Again in the capitulary of 789 we read: “Let every monastery and every abbey have its school, in which boys may be taught the Psalms, the system of musical notation, singing, arithmetic and grammar”. There can be no doubt that by boys are meant not only the candidates for the monastery and the wards (generally the children of nobles) committed to the care of the monks, but also the children of the village or country district around the monastery, for whom there was usually an external school attached to groups of monastic buildings. This is made evident by an enactment of Theodulf, Bishop of Orleans, who, when Alcuin retired to the monastery of Tours in 796, succeeded him at the Court as adviser of the emperor in educational matters. The document dates from 797, ten years after Charlemagne‘s first capitulary was issued, and enacts explicitly “that the priests establish schools in every town and village, and if any of the faithful wish to entrust their children to them to learn letters, that they refuse not to accept them but with all charity teach them and let them exact no price from the children for their teaching nor receive anything from them save what parents may offer voluntarily and from affection” (P.L., CV., col. 196). To Alcuin himself tradition has assigned the lines set up in the streets of Strasburg in which the attractions of a school are compared with those of a nearby tavern: “Choose, O traveller; if thou wilt drink thou must also pay money, but if thou wilt learn thou wilt have what thou seekest for nothing.” In these free schools the teacher was, apparently, the priest of the town or village, and, as far as we can judge, the curriculum comprised what may be called the rudiments of general education, with an elementary course in Christian Doctrine.
The “new learning” inaugurated at the palace school, which seems to have had no fixed location, but to have followed the court from place to place, was not slow in spreading throughout the empire. Its first noticeable success was at Fulda, which since the days of its first abbot, Sturm, had maintained a tradition of fidelity to the ideals of St. Benedict. The man to whose enlightened zeal the success of the schools of Fulda, was largely due was Rhabanus Maurus. While still a young monk at Fulda, Rhabanus, learning of the fame of Alcuin, begged to be sent to Tours, where, for a year, he listened to the aged teacher, and imbibed some of his zeal for the study of the classics and the cultivation of the sciences. On his return to Fulda he was placed at the head of the monastic school and, amid many difficulties, continued to labor for the intellectual reform of his own monastery and his own land. What these difficulties were we may judge from the treatment which he received at the hands of his abbot, Ratgar, who, believing that the monks were better employed in building churches than in studying their lessons, closed the school of the monastery and confiscated the teacher’s note-books. Rhabanus’ unpleasant experiences on this occasion are reflected by his saying: “He alone can escape calumny who writes nothing at all.” He was not, however, discouraged, and the day finally came when, as Abbot of Fulda, he could give full authority to his measures for educational reform. Later, as Archbishop of Mainz, he continued to sustain the program of the Carlovingian revival, and by his efforts for the improvement of popular preaching, and by his advocacy of the use of the vernacular tongue, earned the title of the “Teacher of Germany“. His influence, indeed, may be traced beyond the territory which belonged to the monastery of Fulda; to him and to his educational activity is due the revival of learning in the schools of Solenhofen, Celle, Hirsfeld, Petersburg and Hirschau. Even Reichenau and St. Gall owe much to him, and it is perhaps no exaggeration to say that he is the inspiration of all those who, like Otfried of Weissenbergin Alsace, author of “Der Krist”, first tried in the ninth century to make the Old High German an instrument of literary expression.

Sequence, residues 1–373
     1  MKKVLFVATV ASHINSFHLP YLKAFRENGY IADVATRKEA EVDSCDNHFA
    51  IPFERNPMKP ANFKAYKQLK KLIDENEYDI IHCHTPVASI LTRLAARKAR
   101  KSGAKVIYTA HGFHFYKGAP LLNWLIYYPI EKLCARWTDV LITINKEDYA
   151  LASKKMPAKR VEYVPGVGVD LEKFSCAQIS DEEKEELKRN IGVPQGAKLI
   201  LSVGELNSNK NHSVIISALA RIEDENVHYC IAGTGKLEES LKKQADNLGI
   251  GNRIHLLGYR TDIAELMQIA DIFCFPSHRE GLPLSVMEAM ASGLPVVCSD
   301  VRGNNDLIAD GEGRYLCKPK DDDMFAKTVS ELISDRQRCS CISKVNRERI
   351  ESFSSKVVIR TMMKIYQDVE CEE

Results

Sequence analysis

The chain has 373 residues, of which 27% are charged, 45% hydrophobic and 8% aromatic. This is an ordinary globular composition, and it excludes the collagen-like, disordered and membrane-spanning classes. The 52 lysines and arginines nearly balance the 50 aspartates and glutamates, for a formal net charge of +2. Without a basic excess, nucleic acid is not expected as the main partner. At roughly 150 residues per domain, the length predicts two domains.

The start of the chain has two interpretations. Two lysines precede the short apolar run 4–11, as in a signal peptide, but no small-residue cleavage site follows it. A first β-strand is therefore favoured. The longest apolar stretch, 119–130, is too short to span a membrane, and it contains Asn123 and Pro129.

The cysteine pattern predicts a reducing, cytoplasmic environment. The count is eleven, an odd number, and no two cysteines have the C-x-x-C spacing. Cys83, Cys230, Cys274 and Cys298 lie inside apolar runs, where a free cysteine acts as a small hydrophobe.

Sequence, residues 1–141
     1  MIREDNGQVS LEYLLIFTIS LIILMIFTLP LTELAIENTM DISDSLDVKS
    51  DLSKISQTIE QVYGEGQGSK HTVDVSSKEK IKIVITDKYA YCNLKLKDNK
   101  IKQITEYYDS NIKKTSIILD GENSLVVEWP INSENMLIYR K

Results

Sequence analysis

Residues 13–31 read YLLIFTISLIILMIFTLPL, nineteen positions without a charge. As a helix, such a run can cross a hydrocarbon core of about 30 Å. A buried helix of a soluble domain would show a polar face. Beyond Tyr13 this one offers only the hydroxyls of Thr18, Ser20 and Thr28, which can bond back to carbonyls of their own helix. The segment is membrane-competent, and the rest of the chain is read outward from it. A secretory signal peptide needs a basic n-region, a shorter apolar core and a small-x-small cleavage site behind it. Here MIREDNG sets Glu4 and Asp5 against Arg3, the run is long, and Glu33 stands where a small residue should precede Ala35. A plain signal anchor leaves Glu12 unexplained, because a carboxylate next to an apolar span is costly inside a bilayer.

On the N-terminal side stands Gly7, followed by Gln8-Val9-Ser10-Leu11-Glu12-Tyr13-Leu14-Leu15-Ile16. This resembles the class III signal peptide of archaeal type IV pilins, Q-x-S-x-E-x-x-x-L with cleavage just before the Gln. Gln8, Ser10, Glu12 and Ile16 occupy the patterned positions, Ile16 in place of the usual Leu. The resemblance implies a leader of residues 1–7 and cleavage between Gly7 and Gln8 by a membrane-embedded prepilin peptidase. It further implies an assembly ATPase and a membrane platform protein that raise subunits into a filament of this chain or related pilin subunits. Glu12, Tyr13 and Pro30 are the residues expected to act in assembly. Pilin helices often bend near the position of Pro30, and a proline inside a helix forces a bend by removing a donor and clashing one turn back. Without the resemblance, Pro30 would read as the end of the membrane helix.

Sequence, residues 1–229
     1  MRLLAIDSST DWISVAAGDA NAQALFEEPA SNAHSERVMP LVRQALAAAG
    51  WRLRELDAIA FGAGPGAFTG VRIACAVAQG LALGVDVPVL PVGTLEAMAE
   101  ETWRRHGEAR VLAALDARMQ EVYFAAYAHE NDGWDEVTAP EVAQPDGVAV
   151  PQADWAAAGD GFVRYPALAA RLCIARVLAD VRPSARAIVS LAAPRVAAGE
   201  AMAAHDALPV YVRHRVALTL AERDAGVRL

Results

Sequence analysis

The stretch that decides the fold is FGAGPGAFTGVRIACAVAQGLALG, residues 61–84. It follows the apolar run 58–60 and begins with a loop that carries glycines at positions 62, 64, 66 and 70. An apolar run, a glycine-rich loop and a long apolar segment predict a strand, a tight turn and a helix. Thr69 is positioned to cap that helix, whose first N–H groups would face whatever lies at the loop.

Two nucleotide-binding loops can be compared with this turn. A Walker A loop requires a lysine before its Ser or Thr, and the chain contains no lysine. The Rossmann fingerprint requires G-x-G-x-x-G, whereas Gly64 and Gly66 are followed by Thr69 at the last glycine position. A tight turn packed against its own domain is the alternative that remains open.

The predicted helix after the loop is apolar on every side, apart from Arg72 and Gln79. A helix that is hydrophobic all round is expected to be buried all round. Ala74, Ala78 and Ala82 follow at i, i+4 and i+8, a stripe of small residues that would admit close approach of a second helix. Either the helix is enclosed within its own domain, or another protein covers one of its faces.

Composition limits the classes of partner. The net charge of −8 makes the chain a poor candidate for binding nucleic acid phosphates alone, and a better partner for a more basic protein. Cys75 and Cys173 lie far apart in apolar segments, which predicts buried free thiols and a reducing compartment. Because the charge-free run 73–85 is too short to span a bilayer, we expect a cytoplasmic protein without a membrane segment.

In France, the Carlovingian revival was, as has been said, taken up by Theodulf, Bishop of Orleans, who, both by his own diocesan enactments and by the advice which he gave the emperor, proved his right to the title of Alcuin‘s successor. Alcuin, himself, after his retirement to the monastery of Tours, devoted his attention almost exclusively to monastic education and the transcription of liturgical and theological works. Whatever love he had for the classics changed towards the end of his life into a deep-seated suspicion of all “pagan literature.” In this he offers a striking contrast with Lupus Servatus, a disciple of Rhabanus, who, as Abbot of Ferrieres, early in the ninth century encouraged and promoted the study of the pagan classics with all the ador of a fifteenth century Humanist. Through the influence of Alcuin, Theodulf, Lupus and others, the Carlovingian revival spread to Reims, Auxerre, Laon, and Chartres, where even before the schools of Paris had come into prominence, the foundations of scholastic theology and philosophy were laid. In Southern Germany and Switzerland the Carlovingian revival was felt before the close of the eighth century in Rheinau, Reichenau, and St. Gall, and early in the following century in Northern Italy, especially in Pavia and Bobbio. Under the successors of Charlemagne there sprang up the schools of Utrecht, Liege, and St. Laurent in the Low Countries which continued the movement.